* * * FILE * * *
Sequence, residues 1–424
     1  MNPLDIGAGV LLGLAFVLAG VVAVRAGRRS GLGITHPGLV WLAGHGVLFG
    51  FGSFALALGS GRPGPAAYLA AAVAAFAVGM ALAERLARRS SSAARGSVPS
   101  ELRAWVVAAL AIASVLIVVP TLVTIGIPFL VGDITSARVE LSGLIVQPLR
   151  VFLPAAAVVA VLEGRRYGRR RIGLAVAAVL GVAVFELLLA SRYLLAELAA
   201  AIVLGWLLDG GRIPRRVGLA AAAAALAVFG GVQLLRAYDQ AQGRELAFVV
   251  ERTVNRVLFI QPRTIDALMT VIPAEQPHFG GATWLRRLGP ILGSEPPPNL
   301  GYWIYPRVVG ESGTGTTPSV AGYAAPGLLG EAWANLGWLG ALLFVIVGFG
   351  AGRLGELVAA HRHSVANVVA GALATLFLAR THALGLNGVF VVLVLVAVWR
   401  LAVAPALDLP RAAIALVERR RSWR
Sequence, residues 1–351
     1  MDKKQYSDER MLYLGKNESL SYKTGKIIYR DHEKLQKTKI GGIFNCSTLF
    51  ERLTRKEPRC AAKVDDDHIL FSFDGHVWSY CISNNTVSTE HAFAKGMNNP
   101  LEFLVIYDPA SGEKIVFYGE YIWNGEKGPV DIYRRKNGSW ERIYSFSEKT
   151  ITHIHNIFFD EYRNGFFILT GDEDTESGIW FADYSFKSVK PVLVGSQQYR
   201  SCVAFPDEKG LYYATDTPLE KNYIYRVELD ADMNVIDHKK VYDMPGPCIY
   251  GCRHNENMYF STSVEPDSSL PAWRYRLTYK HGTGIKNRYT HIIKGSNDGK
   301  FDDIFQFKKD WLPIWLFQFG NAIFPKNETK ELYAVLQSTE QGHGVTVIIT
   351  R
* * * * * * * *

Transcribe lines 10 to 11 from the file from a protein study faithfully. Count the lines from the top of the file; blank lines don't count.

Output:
   401  LAVAPALDLP RAAIALVERR RSWR
Sequence, residues 1–351